mGODS - Monoclonal Gammopathies Of Dermatological Significance

Harvard Dermatology
Pearls for working up monclonal gammopathies in setting of dermatological disease

David M. Miller


May 6, 2022


Overview & Learning Objectives
Pre-Lecture Questions 

Case 1
Additional Pre-Lecture Questions

Plasma Cell Dyscrasias
Detection and Identification of Monoclonal Proteins

Overview & Learning Objectives

Here, we provide a primer for that lecture. We start with a clinical case and some discrete questions so that you can think through them ahead of the lecture. We will go through these as a group on Thursday.

Pre-Lecture Questions



Case 1 Clinical Questions:

  • What does this part of the work up mean?
    • SPEP demonstrated abnormal band in gamma region
      • Identified by IFE as IgG Kappa
      • Represents by densitometry 10% (730 mg/dL) of total protein
  • What are you next steps in management?
  • While referral to hematology is never the wrong answer, if you wanted to pursue additional work up, what would be your next steps?

Additional Pre-Lecture Questions

  • True or False: An SPEP will both quantitate the M protein and identify the heavy and light chain associated with it?
  • True or False: A Bone Marrow Biopsy is recommended in all patients with an MGUS?
  • Myeloma is typically associated with: osteoblastic lesions or osteolytic lesions?
  • Which of the following is the most appropriate screening test(s) for the vast majority of plasma cell dyscrasias?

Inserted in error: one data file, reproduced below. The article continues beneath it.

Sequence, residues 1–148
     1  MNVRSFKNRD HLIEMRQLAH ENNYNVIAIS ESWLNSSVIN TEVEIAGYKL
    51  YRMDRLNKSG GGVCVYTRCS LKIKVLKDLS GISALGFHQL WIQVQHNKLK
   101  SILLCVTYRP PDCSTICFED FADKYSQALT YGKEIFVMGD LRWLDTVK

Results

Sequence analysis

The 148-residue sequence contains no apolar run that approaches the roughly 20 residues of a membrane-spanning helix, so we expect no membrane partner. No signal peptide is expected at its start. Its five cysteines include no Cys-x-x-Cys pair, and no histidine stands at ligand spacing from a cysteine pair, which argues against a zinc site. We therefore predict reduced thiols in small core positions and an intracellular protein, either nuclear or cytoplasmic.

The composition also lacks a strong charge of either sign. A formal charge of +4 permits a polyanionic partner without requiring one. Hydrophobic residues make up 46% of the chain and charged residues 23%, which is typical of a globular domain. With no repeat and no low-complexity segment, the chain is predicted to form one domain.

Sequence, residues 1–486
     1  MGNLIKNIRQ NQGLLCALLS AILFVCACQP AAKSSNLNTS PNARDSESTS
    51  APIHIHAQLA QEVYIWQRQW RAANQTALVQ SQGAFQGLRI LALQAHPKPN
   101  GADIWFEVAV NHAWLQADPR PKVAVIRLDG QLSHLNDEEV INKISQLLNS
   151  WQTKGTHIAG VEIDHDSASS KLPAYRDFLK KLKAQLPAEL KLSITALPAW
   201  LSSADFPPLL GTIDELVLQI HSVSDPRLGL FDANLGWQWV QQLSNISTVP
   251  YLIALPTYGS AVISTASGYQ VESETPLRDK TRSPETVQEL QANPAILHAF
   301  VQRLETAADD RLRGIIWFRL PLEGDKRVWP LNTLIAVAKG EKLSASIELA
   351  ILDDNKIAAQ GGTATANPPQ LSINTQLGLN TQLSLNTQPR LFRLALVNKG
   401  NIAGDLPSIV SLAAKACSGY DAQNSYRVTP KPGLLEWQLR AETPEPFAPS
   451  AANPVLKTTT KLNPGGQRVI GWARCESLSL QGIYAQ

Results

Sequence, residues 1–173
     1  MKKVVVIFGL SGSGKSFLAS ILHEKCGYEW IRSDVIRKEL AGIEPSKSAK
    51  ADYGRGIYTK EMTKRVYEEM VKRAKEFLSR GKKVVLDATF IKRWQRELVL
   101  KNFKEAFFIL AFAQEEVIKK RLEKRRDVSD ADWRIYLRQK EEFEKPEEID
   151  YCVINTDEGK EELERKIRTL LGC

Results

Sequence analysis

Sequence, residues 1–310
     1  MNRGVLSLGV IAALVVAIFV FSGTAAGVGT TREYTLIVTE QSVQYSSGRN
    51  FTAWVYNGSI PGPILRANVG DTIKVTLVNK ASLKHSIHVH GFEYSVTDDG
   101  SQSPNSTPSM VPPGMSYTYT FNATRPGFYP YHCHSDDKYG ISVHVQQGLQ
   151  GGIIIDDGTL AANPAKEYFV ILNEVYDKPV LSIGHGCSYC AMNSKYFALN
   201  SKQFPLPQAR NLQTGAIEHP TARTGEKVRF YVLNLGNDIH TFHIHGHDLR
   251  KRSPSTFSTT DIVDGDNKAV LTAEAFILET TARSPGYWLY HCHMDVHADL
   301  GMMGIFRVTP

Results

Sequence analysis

• SPEP
    • SPEP + sFLC
    • SPEP + sIFE
    • SPEP + sFLC + sIFE
    • SPEP + sIFE + uPEP/IFE
    • SPEP, sFLC, sIFE, uPEP/IFE

Plasma Cell Dyscrasias


Plasma Cell Development

Monoclonal Gammapathies

Detection and Identification of Monoclonal Proteins


Take Home Points on Interrogating the Monoclonal Protein


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  1. Shalhout et al. Generalized Acquired Cutis Laxa Associated with Monoclonal Gammopathy of Dermatological Significance. Case Reports in Dermatological Medicine. 2020↩︎

  2. Katzmann JA. Screening panels for monoclonal gammopathies: time to change. Clin Biochem Rev. 2009;30(3):105-111.↩︎

  3. Waldenstrom J. Studies on conditions associated with disturbed gamma globulin formation (gammopathies). Harvey Lect. 1960;56:211-231.↩︎

  4. Kyle RA. Monoclonal gammopathy of undetermined significance. Natural history in 241 cases. Am J Med. 1978;64(5):814-826.↩︎

  5. Katzmann JA. Screening panels for monoclonal gammopathies: time to change. Clin Biochem Rev. 2009;30(3):105-111.↩︎